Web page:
5 Steps for Team Accountability – HBR Tip

Go direct to the referenced HBR Tip here

How often do you see (or experience) missed task/project/goal expectations within your team?

It might go like this…

(email message) Hey Matt, set up a meeting for the team, let’s brief the team on the new reporting format you designed.”

Matt sets up the meeting. Outlook invite blast sent.  QUESTION: Is Matt completely clear on what the meeting expectations are?

(meeting day) Matt’s meeting is missing a few key people (the boss, the boss’s boss, both included in the Outlook invite blast). He calls them… they attend via. speakerphone (weird start, but Matt continues).  He reviews the new reporting format, which involves some technology changes. Some attendees can follow. Some can’t. In the end (after a few weeks of one-on-one training between Matt and meeting attendees), everyone is in compliance.

(mid-year review) Matt’s boss beats him down on how the “new report format” project and meeting went. “You didn’t have the key players there, in person. You didn’t make the technology aspect clear. You took 30 days beyond the meeting to ensure everyone was in compliance.”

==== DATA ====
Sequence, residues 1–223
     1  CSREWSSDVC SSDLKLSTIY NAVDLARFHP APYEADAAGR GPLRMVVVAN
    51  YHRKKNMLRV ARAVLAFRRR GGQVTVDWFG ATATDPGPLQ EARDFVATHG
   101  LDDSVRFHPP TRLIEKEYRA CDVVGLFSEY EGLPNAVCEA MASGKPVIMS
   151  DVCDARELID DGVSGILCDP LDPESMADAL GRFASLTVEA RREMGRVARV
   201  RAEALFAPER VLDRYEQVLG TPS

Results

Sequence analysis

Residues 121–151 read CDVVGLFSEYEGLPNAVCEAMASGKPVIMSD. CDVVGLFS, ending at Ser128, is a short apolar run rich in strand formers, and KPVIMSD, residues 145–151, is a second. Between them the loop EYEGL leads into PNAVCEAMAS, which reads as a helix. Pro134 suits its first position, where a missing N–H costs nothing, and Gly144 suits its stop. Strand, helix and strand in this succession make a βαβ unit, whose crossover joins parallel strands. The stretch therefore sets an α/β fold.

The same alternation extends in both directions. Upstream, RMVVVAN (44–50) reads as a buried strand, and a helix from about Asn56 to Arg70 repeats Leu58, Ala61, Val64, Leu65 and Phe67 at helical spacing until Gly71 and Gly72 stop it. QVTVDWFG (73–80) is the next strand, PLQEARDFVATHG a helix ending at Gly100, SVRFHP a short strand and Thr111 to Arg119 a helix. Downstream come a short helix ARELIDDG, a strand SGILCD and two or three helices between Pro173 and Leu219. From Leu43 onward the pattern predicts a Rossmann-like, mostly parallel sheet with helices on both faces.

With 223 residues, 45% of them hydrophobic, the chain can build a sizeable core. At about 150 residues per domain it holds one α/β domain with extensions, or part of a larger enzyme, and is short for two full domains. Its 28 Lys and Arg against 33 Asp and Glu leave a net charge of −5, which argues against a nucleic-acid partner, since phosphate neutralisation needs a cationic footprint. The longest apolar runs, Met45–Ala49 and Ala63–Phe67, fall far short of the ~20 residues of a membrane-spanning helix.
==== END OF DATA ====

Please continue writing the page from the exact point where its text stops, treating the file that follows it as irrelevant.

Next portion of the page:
Remember that original email from Matt’s boss?  “Hey Matt, set up a meeting for the team, let’s brief the team on the new reporting format you designed.”

Sure sounds like the mid-year review task description should have replaced the near-useless original email. But, it didn’t… and now Matt gets flack because his boss didn’t understand how to hold his team accountable. A real “WTF” moment.

Who screwed up?  Matt or his boss? Has this happened to you?

HBR wrote a GREAT article on preventing costly mis-communications like the one above and achieving team accountability in 5 steps… simple things that anyone without a degree, MBA, or fancy title can accomplish to achieve on-target performance outcomes from the troops.

Get the 5 steps here in five minutes!

The Right Way to Hold People Accountable HBR Tip

 

Speak Your Mind

*